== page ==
We should have done this work long ago, but the second best time to do this work is now.

Please identify areas where Pittsburgh municipal code and regulations have an impact on LGBTQ lives, perhaps without us even realizing it. Health Department restaurant guidelines on bathrooms! Did you know they are mandated to use the binary gender restrooms to stay open?? We need to change this ridiculous notion AND we need to add accessibility as a requirement to operate.

The threats of ‘religious liberty’ laws and exemptions target both LGBTQ rights and women’s rights. How does a City Council navigate this equivalency of personal religious freedom with systemic oppression and control of underserved people? We all have freedom of religion, we can believe whatever our heart desires. But that ends when someone else’s rights are at issue.

The judgement of one group of other groups cannot interfere with anybody’s human rights. Politicians should note get to dictate who gets what healthcare based on their own personal comfort levels.

We separate church from state for excellent reasons. And we should continue and expand that tradition proudly instead of allowing our rights to be chipped away state by state and fought over in increasingly conservative courts. The people need to take our power back from extremists and focus on what’s best for the most people.

What are your plans to address affordable housing? I want to use some of the city’s vast holdings of land and structures to create permanently affordable housing (especially at the lower end of Area Median Income, 25-30%) centered near transit options. When we think about keeping Pittsburghers home, we also must allow folx to move freely around the area so they can stick to what’s important in their lives.

One of my first experiences of Pgh City Council was liveblogging a public hearing on domestic violence allegations and public servants in 2007. Fourteen years later, we are still struggling with this issue and allegations of abuse by public servants of all orientations at all levels of government. How can City Council be more proactive in creating a culture that’s safe and free of harassment & abuse for City employees and the public? 

A zero tolerance policy and deferring to independent bodies to investigate to control for bias and cronyism.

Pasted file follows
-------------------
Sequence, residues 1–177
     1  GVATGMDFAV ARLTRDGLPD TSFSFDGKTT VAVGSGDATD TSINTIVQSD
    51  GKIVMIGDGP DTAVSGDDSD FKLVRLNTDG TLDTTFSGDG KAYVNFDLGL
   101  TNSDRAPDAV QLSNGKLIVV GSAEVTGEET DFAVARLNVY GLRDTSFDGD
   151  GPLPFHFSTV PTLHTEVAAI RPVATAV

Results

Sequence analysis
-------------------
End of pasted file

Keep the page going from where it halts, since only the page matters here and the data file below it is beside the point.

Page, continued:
What do you believe will be the long-term impacts of the pandemic and COVID-19 in Pittsburgh? How can City Council act to protect residents? We won’t see as much revenue, and we will all be dealing with post-covid feelings. If we want to achieve a climate of healing as a community from this collective trauma, then let’s make a space for reconciliation on more than just this pandemic. Let’s re-imagine public safety with a heavy emphasis on mental health and substance use response teams who have many years of school to understand how to evaluate and de-escalate, and how to encourage ongoing treatment for those who need it.

We make police do this now. It doesn’t work. We will have more and more tense and potentially tragic situations if we keep using the wrong tool for the job.

Additionally, so many folks are struggling financially and otherwise that we need to work hard to understand the most pressing issues AND the opportunities to create foundations solving those problems long-term. Bottom line: we can’t predict how recovering from all of this will work, but we can plan and we can prepare for some of what we know are the biggest needs, and work with those most impacted to fill gaps and make sure we all have a shot to land back on our feet.

You mention animal welfare on your website. Do you support redirecting Animal Care & Control resources from euthanizing healthy groundhogs and raccoons to educating the public about coexisting with urban
wildlife and perhaps TNVR? YES! In fact I had that very conversation with some amazing advocates. Animal control officers have the job of picking up animals trapped for no legitimate reason, sometimes in traps lent to them by the city itself, driving them back to their facility, euthanizing the animal, and going back to do it all over again. This creates a morbidly awful work environment and does not solve any problems. It just costs taxpayer dollars to kill animals that do not need to be harmed, while depleting and depressing a department’s workforce. It’s long past time to knock off this ridiculous practice.


Politicians should note get to dictate who gets what healthcare based on their own personal comfort levels.


Tell me about your endorsements and supporters. Thus far we have been endorsed by Steel City Stonewall Dems, Run For Something, Young Democrats of Allegheny County, the Sunrise Foundation, and one that will be made public tomorrow!

Is there anything you’d like to add? I’d be honored to work to make Pittsburgh livable for all of us.

Where can readers find your campaign on social media? How can they donate to your campaign?
https://www.facebook.com/bethaniforcitycouncil
https://twitter.com/BethaniCameron
https://instagram.com/bethaniforcitycouncil
Donate and be one of the friends-of-bethani-cameron-1!

Thank you, Bethani.


Other Q&A’s in this election cycle series. You can read previous cycle Q&A’s here.

Q&A With Bill Peduto, Mayor of the City of Pittsburgh

Q&A With Ed Gainey, Candidate for Mayor City of Pittsburgh

Q&A With Raymond Robinson, Candidate for Magisterial District Judge 05-02-42

Bethani Cameron

**********************************************

This blog proudly built by snowflakes, social justice warriors, and the politically correct. Steel_City_Snowflakes

Join the Steel City Snowflakes with a one time or recurring investment in our projects.  Click the image  to see our current snowflakes.

Follow us on Twitter @Pghlesbian24

 

Leave a Comment

Your email address will not be published. Required fields are marked *

This site uses Akismet to reduce spam. Learn how your comment data is processed.